Everything here is just like a simile, and almost completely alliterative.

Monday, April 13, 2009

More Adventures in Judaism

Some memories of this past week's seders, cobbled together.

We went to the home of some dear friends for first night seder, and for our kids, it was Disney World. "Wow," my eldest breathed, as I took them out into the back yard to work off a little energy before showtime. "Their house backs right up to a ballpark!"

"Um, no it doesn't," I had to explain. "That's their baseball diamond." I thought 'eyes like saucers' was a figure of speech until I saw hers. And then the littlest Fabulette streaked off to go roll in the dirt of the diamond. In her Pesach dress, like some poorly trained Labradoodle on top of a dead squirrel.
Well, things could have been worse.

The kids held up pretty well, considering this was not remotely a child-friendly event. We were 19 at table, so it was quite the affair, and the presider, our friend's father, was, oh, about 137 years old and not what you would call the most dynamic leader. But it made my heart clench up to watch our friend constantly and lovingly defer to him, even when his father made mistakes and got things wrong and supplied the wrong explanation for things; our very Jewishly educated friend simply smiled and nodded, and I thought, to quote my eldest, wow. That's piety in action, you know? Not an eyeroll, not an impatient sigh, not a twitch did he betray.

Needless to say, my two youngest did not make it all the way through, and our friend, spotting their impatience, said as soon as we were through Shulkhan Orech, "why don't you guys come with me to the screening room?" And they toddled off after him. I got to hear their sighs and gasps of delight at the in-house movie theater, complete with heated remote control leather reclining seats. So they grooved on The Prince of Egypt, which we had imported specially for the night, and though it may not have been a conventional end to the evening, by the time all the other guests had evaporated, the small group of us curled up together in those chairs and watched the closing of the movie with the kids, laughing at the littlest Fabulette's comments, and it was wonderful.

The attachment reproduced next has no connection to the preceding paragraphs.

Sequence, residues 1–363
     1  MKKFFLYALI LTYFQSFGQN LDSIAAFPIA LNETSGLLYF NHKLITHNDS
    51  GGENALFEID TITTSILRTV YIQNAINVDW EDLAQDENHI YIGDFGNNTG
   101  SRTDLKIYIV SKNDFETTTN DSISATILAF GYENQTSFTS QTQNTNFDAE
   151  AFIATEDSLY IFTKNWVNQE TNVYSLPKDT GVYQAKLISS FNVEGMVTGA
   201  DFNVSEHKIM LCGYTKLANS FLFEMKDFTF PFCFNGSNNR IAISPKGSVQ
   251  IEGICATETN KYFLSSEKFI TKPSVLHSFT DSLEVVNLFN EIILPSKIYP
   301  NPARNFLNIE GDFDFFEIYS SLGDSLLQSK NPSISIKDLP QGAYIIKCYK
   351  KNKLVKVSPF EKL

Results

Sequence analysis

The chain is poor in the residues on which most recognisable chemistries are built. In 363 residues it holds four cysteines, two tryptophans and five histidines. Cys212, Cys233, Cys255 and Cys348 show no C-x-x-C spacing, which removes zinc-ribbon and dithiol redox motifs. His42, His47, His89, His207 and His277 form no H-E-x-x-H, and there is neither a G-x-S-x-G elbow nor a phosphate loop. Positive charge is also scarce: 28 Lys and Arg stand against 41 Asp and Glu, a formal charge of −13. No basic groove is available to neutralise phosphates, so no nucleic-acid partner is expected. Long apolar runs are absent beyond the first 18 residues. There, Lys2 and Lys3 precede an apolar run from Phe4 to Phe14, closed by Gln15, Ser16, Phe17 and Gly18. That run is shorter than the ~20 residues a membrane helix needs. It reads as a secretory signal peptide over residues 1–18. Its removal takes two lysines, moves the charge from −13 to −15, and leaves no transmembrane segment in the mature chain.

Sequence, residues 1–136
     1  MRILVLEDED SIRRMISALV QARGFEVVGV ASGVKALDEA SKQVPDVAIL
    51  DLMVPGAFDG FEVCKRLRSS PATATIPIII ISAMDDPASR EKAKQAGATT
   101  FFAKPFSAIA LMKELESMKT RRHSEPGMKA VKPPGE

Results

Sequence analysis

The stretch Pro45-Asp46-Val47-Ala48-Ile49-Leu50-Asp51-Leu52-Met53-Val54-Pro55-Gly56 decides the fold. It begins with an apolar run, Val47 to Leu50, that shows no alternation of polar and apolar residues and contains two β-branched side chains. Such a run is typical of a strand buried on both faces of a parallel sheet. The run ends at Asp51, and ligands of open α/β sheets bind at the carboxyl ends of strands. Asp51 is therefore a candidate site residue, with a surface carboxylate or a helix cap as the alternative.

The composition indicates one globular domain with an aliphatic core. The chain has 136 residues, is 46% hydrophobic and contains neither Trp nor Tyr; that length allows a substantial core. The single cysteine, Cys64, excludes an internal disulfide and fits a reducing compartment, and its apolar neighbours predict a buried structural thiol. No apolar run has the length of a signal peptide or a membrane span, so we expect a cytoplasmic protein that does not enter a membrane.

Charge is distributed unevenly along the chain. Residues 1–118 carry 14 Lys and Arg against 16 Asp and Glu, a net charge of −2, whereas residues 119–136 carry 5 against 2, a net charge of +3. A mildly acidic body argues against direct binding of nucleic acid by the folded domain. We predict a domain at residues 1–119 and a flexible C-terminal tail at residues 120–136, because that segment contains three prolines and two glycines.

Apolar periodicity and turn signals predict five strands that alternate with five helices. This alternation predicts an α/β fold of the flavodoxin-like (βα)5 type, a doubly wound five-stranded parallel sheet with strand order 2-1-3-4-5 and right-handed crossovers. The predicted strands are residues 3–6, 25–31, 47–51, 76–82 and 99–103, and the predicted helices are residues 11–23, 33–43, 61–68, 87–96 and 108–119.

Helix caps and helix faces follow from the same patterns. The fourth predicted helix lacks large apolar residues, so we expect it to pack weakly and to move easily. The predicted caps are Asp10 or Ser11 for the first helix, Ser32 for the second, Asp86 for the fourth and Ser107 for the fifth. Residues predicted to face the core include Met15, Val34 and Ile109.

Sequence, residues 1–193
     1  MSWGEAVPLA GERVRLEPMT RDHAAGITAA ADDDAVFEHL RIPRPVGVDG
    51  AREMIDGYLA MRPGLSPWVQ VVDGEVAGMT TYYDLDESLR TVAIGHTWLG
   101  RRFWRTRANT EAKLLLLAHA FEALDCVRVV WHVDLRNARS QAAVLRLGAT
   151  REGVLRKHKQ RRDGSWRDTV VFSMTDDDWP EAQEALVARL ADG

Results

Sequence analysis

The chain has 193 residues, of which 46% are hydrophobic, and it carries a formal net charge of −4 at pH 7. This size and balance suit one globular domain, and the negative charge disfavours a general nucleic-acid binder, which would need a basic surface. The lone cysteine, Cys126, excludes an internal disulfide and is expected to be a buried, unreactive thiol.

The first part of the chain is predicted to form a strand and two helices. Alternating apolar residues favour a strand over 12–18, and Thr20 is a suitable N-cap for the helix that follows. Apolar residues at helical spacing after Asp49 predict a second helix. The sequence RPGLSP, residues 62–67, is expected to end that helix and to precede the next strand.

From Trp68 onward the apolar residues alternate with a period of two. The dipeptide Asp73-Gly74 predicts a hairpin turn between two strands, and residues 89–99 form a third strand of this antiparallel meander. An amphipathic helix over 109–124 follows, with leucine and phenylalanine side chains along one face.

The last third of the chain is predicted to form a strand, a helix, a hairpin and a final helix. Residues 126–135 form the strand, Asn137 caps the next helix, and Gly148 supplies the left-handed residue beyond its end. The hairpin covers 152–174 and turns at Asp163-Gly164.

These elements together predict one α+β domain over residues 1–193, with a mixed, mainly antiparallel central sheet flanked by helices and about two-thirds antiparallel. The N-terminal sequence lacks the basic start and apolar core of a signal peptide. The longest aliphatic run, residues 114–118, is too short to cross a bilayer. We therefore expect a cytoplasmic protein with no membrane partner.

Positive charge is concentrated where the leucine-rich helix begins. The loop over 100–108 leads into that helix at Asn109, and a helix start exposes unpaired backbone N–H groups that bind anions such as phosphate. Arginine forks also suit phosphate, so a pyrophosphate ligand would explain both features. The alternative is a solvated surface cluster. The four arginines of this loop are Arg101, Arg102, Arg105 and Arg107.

me: See, sweetie, that's God leading his people out of Egypt.
her: Well, he sure does have a lot of them.

her: (exultant when Pharaoh, her favorite character, reappears) Yay, Pharaoh's back! (spotting his army) Oh, look, he brought Moses some friends!

(I should point out that she is way into Moses. She dressed herself for this event in a rhinestone tiara with matching rhinestone purse. Don't you look lovely, I had said to her. "I'm a princess for Moses," she announced.)

Awkward moment of the evening: I stumble into the kitchen just as Sister-in-Law is reading the riot act to her Brother and Sister-in-Law about the dessert, which, okay, was cake and eclaires, and, um, yeah, pretty much a towering mountain of chametz. We opted for the ice cream and said nothing, but Sis-in-Law was after them but good, with all the zeal of the convert. "Hypocrites!" she was hissing at them. And I couldn't help but think, hmm, there's something in Jewish law somewhere about contemning hospitality, I'm almost sure of it.

Chest-clenching moment of the evening: Fabulette le fils is tapped to read a page. My palms start to sweat, and I start to make little head-shaky motions at the seder leader, who I'm sure can't see me through his cataract fog anyway. I'm thinking oh no, please no, they're not going to understand that he can't do this, reading is so hard for him, this is going to lead to all sorts of explanations, please don't let this happen to him. But then he piped up and said, "Sure!" And he started to read. I was shaking. His voice was so unafraid, so sure. When he stumbled, his sister bent down and whispered the right word to him, and he picked it right up, cheerfully unfazed. HE MADE IT THROUGH A WHOLE PAGE, AND HE WAS AMAZING. Unafraid, in front of 18 people. I had to squeeze my fingers very hard to keep from crying. In the wise words of Dory, if you pray that nothing will ever happen to him, well. . . then nothing will ever happen to him.

So all in all, a success, and as we were driving back home late that night I was excited, brimming over with all the plans for our own seder next year: totally kid-centered, puppet shows, costumes, everything but dancing goats and flame-throwers. "What do you say, guys? Wanna help me? Won't our seder be fun?" A somewhat lame chorus of assent greeted me from the back. And then a small little boy's voice:

"Will it have a movie theater?"

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